Through its Homeless Prevention Program, Hinesville collaborates with the Liberty County Board of Education, the United Way of the Coastal Empire and other service providers to help homeless individuals and families find temporary shelter.
“We provide hotel vouchers to the EconoLodge for persons who qualify for assistance in accordance with the (U.S. Department of Housing and Urban Development) definition of homelessness and Georgia Department of Community Affairs requirements,” Homeless Prevention Coordinator Daisy Jones said. “On average, we issue two or three hotel vouchers per week, many to single adults without children.”
Jones said her office receives referrals from the BoE, United Way, local churches or other agencies dedicated to helping the homeless and the hungry, including the Liberty County Homeless Coalition and the Manna House. If the need is verified and funds are available, her office will issue vouchers good for 10 nights in a local motel, usually the EconoLodge.
The 10-night vouchers are not always enough time for some individuals and families to find more permanent accommodations on their own. Jennifer Darsey, area director for the United Way, said that’s when they contact her office.
“If they’ve already used up the 10-nights voucher they got from the Homeless Prevention Program, sometimes they’ll reach out to us for help,” said Darsey, who said her local United Way office has paid for 49 nights in local motels since September 2012. “We really don’t have a time limitation. If a family has a move-in date for more permanent shelter, we try to help them as long as we can.”
Pamela Farrie, BoE school social worker and homeless liaison, said she gets referrals for homeless children through school counselors, the Homeless Prevention Program and the United Way. She said there currently are 10 children of homeless families temporarily residing at the EconoLodge. There have been as many as 25 children there at one time, she said. She knows the number of children because the BoE has authorized a school bus to pick up these children for school at the motel in the mornings and return them to the motel in the afternoons.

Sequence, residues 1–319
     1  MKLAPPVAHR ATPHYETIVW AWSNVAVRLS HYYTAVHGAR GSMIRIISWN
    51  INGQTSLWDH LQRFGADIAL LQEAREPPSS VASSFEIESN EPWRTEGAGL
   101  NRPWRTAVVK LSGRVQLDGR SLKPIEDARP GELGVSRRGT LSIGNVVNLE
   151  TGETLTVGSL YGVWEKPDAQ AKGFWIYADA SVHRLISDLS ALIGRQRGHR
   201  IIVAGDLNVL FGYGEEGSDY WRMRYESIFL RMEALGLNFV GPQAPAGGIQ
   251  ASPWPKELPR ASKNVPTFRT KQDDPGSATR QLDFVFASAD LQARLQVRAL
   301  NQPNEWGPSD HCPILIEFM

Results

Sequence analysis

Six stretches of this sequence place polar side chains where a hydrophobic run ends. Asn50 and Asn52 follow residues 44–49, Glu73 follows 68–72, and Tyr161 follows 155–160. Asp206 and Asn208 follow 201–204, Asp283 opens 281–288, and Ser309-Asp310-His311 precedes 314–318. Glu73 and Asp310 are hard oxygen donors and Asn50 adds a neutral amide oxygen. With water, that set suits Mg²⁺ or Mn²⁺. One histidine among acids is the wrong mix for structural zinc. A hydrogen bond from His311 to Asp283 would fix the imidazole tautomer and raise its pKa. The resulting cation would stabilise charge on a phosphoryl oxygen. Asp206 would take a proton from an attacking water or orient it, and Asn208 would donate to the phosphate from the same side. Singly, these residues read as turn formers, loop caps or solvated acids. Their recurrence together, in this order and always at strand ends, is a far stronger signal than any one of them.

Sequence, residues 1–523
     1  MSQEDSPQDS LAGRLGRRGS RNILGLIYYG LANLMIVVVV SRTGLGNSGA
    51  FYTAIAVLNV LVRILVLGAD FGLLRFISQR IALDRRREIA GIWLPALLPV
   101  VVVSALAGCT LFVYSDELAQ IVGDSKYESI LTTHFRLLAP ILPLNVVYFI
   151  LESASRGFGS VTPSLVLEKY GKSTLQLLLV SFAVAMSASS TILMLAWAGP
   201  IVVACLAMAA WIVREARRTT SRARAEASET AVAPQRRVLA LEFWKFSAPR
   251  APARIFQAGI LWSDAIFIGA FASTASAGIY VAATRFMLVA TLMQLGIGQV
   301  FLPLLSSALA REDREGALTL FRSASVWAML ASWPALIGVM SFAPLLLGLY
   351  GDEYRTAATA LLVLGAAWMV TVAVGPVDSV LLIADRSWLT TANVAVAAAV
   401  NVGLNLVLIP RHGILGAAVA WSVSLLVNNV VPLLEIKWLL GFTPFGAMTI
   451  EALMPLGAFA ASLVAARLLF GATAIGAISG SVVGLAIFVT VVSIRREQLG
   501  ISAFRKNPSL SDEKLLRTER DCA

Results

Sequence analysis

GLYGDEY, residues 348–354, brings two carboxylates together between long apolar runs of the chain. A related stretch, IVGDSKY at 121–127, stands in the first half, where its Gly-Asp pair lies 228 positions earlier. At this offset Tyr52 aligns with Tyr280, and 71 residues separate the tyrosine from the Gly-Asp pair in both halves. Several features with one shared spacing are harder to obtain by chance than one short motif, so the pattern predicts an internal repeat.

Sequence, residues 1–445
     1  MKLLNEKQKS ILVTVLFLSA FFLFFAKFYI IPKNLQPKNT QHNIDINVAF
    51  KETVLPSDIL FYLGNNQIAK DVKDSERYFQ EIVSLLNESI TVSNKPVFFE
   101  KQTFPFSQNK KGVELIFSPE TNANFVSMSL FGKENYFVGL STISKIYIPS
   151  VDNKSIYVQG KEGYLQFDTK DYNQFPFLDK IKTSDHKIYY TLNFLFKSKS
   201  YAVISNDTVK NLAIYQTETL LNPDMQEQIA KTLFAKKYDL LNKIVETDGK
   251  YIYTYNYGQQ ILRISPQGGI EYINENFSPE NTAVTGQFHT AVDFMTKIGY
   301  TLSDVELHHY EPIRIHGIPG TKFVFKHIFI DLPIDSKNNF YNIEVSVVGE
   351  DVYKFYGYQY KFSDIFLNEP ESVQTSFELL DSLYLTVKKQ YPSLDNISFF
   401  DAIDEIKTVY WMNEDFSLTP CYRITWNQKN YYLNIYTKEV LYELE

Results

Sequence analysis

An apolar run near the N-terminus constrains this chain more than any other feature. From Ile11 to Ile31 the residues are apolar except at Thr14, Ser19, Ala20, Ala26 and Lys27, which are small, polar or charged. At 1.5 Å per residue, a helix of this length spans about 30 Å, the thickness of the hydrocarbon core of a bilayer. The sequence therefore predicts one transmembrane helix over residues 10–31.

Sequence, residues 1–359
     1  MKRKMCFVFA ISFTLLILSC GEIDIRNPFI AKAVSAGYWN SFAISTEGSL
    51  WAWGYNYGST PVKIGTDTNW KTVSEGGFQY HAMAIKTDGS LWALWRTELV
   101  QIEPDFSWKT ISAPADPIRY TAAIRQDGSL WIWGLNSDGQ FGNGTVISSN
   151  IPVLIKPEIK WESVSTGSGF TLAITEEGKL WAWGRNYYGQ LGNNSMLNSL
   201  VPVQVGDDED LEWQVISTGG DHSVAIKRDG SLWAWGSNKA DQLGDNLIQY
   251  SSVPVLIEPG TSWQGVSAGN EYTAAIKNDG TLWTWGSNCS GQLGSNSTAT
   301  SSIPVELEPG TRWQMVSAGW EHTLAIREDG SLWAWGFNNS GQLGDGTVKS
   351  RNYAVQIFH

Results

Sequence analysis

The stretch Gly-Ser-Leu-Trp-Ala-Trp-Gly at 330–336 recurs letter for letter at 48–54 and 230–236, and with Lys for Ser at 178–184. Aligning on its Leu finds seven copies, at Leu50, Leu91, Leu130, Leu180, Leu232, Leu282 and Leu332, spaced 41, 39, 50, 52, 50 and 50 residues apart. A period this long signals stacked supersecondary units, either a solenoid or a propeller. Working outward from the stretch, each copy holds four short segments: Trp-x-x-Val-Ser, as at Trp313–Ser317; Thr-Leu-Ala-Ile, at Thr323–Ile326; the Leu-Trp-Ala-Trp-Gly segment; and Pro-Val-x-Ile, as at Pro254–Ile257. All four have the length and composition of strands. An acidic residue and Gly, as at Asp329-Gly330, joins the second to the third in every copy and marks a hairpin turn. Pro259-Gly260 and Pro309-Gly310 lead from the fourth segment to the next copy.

Farrie said some of the homeless children she has worked with during the five years she has been the school system’s homeless liaison are what she calls “unaccompanied youths.” Many of these children have been kicked out of the family home. Other children were abandoned by their parents, she said.
She said the BoE and the city were able to help the homeless through the McKinney-Vento Homeless Assistance Act, which was signed by President Ronald Reagan in July 1987.
According to the HUD website, the McKinney-Vento Act provides a working definition for homelessness while also providing supportive housing programs for the homeless. These programs are backed by federal funds administered through the Federal Emergency Management Agency and HUD. It also provides several programs and funding administered by the U.S. Departments of Education, Labor, and Health and Human Services.
Darsey said many of the homeless her organization works with recently have been released from jail. Because many of them are on probation, she said they’re not allowed to leave the county.
State Probation Officer Robin Stewart confirmed that all felon inmates released on probation are supervised in the county of residence. They have to stay here unless they have what he called a “legitimate address” to go to. He also said some probationers are banned from certain counties. Others who want to transfer to another state have to wait until they get permission from that state to transfer, he said.
Stewart added he is not aware of restrictions on inmates released from jail after being locked up for misdemeanor violations.